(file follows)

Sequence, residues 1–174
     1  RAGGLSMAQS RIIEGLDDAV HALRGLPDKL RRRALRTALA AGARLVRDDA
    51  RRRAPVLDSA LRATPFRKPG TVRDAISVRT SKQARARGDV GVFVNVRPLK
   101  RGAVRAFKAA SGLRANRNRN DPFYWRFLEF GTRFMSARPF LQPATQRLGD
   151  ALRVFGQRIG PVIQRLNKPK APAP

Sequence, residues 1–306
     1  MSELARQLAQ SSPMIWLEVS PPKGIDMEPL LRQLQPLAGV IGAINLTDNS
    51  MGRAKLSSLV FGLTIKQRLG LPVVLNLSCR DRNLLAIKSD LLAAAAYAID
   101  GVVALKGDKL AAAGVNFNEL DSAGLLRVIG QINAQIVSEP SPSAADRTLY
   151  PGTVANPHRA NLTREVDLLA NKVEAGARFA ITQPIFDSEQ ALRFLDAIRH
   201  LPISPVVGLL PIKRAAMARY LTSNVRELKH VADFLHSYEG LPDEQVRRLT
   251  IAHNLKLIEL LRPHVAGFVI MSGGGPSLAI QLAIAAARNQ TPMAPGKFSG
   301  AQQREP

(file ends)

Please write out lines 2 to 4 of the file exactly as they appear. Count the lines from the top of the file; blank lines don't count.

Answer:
     1  RAGGLSMAQS RIIEGLDDAV HALRGLPDKL RRRALRTALA AGARLVRDDA
    51  RRRAPVLDSA LRATPFRKPG TVRDAISVRT SKQARARGDV GVFVNVRPLK
   101  RGAVRAFKAA SGLRANRNRN DPFYWRFLEF GTRFMSARPF LQPATQRLGD